Adult Jails Need Risk-Based Approach to Improve Safety, Equity
April 6, 2021
The Department of Adult and Juvenile Detention lacks a robust risk management system to help keep the people in its care safe. Fights, assaults, and other violent incidents occur regularly in King County adult jails, although the rates of fights and assaults dropped significantly when, in response to the COVID-19 pandemic, use of two-person cells stopped at the King County Correctional Facility in downtown Seattle. Even with a reduced overall population in 2020, the jail does not have enough psychiatric housing to provide consistent care to the increasing number of people with serious mental illness in custody. We also found significant racial disparities in housing and discipline that placed Black people in more restrictive housing, which has negative health impacts. We recommend the County use a risk-based approach to continuously improve jail safety, avoid housing people in two-person cells, increase the number of suicide-resistant cells, enhance communication and training to better care for people with mental illness, and reduce racial inequities in housing and discipline.
Watch the presentation (25:06)
The Department of Adult and Juvenile Detention (DAJD) manages risks to jail safety without a comprehensive risk management strategy. The jail has data on incidents and uses of force, but aging data systems make it difficult for staff to use that data to improve jail safety.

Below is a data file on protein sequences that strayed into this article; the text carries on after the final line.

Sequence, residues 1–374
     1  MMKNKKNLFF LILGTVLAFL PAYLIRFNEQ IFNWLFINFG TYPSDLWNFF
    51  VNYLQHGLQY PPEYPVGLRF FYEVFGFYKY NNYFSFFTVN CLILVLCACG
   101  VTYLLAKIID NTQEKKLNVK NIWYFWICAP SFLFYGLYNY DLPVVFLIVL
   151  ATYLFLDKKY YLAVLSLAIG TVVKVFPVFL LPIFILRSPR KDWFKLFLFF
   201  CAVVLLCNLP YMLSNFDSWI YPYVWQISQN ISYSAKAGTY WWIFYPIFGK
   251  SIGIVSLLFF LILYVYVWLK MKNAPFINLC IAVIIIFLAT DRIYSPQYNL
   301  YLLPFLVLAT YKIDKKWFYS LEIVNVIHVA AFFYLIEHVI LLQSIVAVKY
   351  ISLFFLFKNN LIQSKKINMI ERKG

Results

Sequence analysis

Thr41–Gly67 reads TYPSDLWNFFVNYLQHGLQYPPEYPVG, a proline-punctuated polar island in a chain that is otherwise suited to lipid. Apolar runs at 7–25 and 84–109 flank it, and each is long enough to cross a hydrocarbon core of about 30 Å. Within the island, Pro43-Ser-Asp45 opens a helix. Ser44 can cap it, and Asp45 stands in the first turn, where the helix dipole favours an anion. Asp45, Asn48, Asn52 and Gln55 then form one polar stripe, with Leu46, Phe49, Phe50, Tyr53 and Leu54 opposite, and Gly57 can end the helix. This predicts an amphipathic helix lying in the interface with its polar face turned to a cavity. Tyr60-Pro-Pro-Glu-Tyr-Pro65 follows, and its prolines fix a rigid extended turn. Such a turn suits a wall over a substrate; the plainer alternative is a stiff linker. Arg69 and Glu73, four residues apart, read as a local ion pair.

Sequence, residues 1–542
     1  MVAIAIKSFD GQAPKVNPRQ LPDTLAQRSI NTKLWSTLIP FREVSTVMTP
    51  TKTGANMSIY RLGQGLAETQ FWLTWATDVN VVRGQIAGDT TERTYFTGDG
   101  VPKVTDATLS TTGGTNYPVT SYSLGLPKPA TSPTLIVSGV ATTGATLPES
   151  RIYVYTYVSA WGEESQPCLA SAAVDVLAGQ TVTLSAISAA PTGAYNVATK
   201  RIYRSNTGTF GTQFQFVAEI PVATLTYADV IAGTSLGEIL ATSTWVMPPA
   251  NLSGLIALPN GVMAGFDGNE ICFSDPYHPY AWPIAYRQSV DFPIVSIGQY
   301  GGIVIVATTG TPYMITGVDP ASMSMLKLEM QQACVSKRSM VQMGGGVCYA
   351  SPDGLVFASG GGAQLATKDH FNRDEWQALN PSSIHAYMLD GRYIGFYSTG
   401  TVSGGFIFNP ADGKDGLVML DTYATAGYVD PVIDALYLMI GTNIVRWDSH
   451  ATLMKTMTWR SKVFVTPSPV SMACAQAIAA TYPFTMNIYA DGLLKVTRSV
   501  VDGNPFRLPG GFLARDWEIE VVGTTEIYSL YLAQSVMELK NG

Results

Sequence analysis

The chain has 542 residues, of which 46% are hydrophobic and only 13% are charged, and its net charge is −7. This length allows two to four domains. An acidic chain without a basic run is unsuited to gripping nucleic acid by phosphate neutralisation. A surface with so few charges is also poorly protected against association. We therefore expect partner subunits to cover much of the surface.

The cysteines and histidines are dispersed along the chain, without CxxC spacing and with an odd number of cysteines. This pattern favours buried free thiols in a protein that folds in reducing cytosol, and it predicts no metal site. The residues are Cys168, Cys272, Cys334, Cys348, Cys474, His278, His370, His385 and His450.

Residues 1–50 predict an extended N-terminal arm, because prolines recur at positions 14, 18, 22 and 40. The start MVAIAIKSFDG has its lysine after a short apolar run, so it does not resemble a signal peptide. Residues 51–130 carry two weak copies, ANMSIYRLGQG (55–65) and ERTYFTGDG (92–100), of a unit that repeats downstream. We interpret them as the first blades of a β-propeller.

Fights and assaults occur regularly in King County adult jail facilities, but the King County Correctional Facility in downtown Seattle is a more dangerous facility for staff and people in custody than the Maleng Regional Justice Center in Kent. The practice of assigning two people to the same cell (double-bunking) contributes to this danger. Starting in March 2020, the County reduced the jail population due to the COVID-19 pandemic and was able to avoid double-bunking, leading to a significant drop in fights and assaults at the Seattle facility.Since the fourth quarter of 2019, on average each day, more than 10 people who need psychiatric housing are not placed in psychiatric housing, making it difficult for them to receive commensurate care. At least one person has died in DAJD custody every year since 2009, and four suicides took place between 2017 and 2020. None of these took place in units with suicide-resistant cells.
We found racial disparities in discipline and housing that harm Black people and benefit White people, on average. Black people were more likely to be in higher security units, get infractions for breaking the rules, and spend more time in restrictive housing as punishment. Effects of these inequities can go beyond the jail and have lasting negative health impacts.
Grant Dailey, Peter Heineccius, Megan Ko, and Brooke Leary worked on this audit. If you have any questions or would like more information, please call the King County Auditor's Office at 206-477-1033 or contact us by email at KCAO@kingcounty.gov.